4 Suppose further that the economy in one year will turn out to be good with a probability of 1/4, medium with a probability of 1/2, and bad with a probability of 1/4. Now, Xirdneh Imij (XI) is a firm which has two assets: \$10 million in cash which is invested in T-bills (and will generate \$11 million for sure in one year), and a one-year project whose end-of-year cash flowdependsonthestate oftheeconomy at that time: it will be\$349 million, \$99 million and \$25 million in the good, medium and bad states respectively. Assume that XI will cease to exist at the end of the year, i.e., it will return all of its assets at that time to the appropriate investors. However, if the firm is not solvent (if its assets do not generate enough to pay back the bondholders), it will cost \$10 million in legal fees to sort out who gets what. Also, assume that there are no corporate or personal taxes in this economy. (a) Suppose that the firm is currently all-equity financed. What is the value of the equity today? (b) Now suppose that XI is considering a change in its capital structure. The firm will raise \$30 million by issuing one-year bonds which promise an interest rate of 10%. The \$30 million will be used to buy back some equity. (i) How much does the firm owe the bondholders in one year (including both interest and principal)? (ii) What will the bondholders get in the good, medium and bad state respectively? (iii) Show that the debt is indeed worth \$30 million today (by discounting the expected payoff). (iv) What is the new value of the equity? (v) Are the shareholders better off, worse off, or indifferent? Why? (c) Suppose instead that XI tries to raise \$40 million by issuing bonds which still promise an interest rate of 10%. (i) Show that investors would not purchase the bonds. (Hint: Proceed as in parts (b)-(i) to (b)-(iii).) (ii) What is the minimum promised rate (the fair rate) at which investors would start buying the bonds? (iii) Show that, at that fair rate, the shareholders are made worse off. Why is that the case? (d) Suppose that XI decides to go forward with the refinancing in part (b) (i.e., suppose XI issues \$30 million worth of debt at 10%). Suppose that XI is considering investing all of its available cash (\$10 million) in a second one-year project that will generate an end-of-year cash flow of \$23 million, \$13 million and \$3 million in the good, medium and bad states respectively. (i) What is the net present value of the project if taken by itself (i.e., ignoring the firm s other assets and financial structure)? (ii) Show that rational bondholders would have insisted that a clause preventing the firm to undertake such a project be added to their debt contract (despite the fact that the project has a positive NPV). 4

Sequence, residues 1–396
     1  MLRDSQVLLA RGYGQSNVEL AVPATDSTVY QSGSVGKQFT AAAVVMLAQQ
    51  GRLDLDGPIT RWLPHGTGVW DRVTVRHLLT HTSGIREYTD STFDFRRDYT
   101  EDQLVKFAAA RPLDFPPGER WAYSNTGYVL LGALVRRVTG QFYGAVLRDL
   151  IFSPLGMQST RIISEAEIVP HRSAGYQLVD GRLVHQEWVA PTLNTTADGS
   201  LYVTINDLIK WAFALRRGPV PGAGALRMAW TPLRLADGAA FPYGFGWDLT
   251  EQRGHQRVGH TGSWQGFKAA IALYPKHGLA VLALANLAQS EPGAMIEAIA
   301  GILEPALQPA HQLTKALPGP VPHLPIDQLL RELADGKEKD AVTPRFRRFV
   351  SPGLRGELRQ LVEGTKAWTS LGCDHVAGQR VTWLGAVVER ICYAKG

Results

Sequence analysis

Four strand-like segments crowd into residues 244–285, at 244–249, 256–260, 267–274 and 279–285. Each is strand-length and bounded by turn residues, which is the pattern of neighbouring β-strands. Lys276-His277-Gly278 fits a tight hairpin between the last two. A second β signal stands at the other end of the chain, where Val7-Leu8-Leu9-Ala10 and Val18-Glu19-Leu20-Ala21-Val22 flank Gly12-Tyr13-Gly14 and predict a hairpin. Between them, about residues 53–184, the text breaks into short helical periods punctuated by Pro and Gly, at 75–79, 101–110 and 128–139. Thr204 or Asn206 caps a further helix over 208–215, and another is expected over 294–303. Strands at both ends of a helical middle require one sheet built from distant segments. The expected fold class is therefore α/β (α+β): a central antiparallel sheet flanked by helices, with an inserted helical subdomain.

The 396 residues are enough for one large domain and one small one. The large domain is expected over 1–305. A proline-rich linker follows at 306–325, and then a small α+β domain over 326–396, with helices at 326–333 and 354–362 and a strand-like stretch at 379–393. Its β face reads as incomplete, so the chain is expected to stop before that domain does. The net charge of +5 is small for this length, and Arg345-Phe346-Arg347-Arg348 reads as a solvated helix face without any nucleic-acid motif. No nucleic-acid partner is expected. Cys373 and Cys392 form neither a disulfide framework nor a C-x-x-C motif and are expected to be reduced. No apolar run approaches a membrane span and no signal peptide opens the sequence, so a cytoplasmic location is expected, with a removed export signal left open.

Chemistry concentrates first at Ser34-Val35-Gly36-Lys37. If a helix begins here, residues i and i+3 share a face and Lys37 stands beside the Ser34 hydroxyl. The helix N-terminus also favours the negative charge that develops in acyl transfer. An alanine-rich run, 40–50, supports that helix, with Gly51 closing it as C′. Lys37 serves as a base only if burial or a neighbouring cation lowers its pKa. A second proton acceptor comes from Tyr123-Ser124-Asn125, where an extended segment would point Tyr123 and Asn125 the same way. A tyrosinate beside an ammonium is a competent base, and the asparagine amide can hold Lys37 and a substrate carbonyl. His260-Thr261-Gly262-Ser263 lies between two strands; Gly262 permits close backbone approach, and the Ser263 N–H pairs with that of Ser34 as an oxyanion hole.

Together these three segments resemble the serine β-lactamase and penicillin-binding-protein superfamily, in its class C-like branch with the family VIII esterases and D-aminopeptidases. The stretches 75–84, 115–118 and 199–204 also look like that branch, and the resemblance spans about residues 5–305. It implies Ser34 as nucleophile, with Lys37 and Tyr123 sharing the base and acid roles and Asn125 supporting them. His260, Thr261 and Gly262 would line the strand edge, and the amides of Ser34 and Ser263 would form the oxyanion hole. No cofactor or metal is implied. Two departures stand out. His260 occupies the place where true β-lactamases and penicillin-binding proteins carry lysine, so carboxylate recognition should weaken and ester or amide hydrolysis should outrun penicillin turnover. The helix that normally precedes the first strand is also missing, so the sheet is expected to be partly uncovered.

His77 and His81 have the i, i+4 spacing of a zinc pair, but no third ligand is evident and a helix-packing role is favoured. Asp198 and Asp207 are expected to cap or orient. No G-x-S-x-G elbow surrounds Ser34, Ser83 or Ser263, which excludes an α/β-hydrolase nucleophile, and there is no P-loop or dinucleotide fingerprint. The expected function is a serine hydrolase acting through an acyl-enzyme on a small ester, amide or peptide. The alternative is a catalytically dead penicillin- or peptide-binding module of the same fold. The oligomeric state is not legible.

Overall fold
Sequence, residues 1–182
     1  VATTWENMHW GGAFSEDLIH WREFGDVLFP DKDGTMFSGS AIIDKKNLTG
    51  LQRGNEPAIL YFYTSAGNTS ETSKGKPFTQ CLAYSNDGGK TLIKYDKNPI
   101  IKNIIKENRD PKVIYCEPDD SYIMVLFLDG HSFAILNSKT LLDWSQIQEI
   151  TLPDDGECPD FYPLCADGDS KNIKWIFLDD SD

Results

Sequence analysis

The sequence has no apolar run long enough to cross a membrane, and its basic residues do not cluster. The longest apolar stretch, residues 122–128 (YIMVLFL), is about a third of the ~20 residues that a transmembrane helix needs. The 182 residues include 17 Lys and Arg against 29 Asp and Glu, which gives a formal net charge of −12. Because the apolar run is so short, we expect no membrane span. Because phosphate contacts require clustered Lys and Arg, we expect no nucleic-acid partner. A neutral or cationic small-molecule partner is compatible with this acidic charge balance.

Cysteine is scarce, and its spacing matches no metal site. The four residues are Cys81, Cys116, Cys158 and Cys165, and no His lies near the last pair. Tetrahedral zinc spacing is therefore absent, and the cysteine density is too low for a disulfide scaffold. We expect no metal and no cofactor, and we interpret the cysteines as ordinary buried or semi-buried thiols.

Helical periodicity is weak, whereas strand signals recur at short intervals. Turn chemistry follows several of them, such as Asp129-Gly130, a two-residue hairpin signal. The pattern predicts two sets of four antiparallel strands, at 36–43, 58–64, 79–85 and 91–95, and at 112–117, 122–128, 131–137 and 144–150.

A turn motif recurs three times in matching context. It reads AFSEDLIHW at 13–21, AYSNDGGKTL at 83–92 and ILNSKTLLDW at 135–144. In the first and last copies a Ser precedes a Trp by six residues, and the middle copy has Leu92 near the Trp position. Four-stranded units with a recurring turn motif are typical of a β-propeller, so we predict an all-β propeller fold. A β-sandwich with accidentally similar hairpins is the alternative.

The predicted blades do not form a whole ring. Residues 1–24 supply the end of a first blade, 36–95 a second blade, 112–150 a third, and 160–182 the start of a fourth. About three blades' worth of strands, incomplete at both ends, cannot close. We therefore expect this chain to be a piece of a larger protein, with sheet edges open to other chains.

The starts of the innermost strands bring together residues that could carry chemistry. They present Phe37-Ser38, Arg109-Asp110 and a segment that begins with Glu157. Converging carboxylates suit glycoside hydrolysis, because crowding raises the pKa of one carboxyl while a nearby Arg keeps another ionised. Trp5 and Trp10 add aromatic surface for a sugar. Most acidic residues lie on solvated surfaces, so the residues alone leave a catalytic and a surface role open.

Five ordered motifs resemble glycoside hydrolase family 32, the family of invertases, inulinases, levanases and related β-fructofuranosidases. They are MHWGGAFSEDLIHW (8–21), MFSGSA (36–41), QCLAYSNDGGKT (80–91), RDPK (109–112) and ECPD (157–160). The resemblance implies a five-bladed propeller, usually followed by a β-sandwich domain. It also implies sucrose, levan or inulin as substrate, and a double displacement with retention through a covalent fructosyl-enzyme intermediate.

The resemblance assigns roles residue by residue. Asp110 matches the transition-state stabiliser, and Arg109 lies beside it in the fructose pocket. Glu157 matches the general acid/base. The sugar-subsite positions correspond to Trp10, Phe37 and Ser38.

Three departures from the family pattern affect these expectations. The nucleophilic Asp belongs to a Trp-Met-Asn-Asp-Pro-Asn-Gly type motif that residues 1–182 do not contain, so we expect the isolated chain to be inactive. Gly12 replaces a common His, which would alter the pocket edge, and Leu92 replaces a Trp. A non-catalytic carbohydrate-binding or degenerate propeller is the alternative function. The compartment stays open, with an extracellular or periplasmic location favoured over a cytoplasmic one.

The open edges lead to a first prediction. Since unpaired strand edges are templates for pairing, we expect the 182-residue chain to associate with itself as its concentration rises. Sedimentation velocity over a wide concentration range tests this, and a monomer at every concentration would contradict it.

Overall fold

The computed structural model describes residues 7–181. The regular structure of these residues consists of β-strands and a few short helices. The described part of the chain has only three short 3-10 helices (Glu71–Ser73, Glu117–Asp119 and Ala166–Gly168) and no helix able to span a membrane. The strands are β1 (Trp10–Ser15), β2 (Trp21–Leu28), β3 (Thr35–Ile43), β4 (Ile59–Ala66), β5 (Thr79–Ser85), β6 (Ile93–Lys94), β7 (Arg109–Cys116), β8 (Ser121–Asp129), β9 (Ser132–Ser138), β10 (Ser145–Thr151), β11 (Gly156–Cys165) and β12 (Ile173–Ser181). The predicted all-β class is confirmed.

5 Solutions 1. (a) The debt holders will pay t D (r D D) = 1 3 (15) = 5 in taxes, and so they expect to receive 10 after tax every year. (b) Before the debt is issued, the firm pays an expected dividend of EBIT(1 t c ) = 0.60EBIT. After the debt issue, the firm s expected dividend is (EBIT r D D)(1 t c ) = 0.60(EBIT 15). The difference is = 9. That is, because the interest payment is tax-deductible, the firm only needs to lower annual dividends by 15(1 t c ) to afford an annual interest payment of 15. (c) The equity-holders used to receive Now they receive EBIT(1 t c )(1 t E ) = EBIT(1 0.40)(1 0.15) = 0.51EBIT. (EBIT r D D)(1 t c )(1 t E ) = (EBIT 15)(1 0.40)(1 0.15) = 0.51(EBIT 15). The difference is = That is, their after-tax dividend is reduced by 15(1 t c )(1 t E ). (d) Before the debt issue, the government used to receive the firm s earnings that did not go to equity-holders, namely EBIT EBIT(1 t c )(1 t E ) = EBIT [ 1 (1 0.40)(1 0.15) ] = 0.49EBIT. After the debt issue, the government receives the earnings that do not end up in the hands of debt-holders and equity-holders, that is, debt-holders equity-holders { }} { { }} { EBIT (r D D)(1 t D ) (EBIT r D D)(1 t c )(1 t E ) ( = EBIT ) (EBIT 15)(1 0.40)(1 0.15) 3 = EBIT 2 (15) 0.51(EBIT 15) 3 ( ) 2 = 0.49EBIT (15) = 0.49EBIT So the government receives 2.35 less per year. (e) The effective tax advantage of debt is t = [ 1 (1 t ] c)(1 t E ) = 1 t D [ 1 (1 0.40)(1 0.15) ] =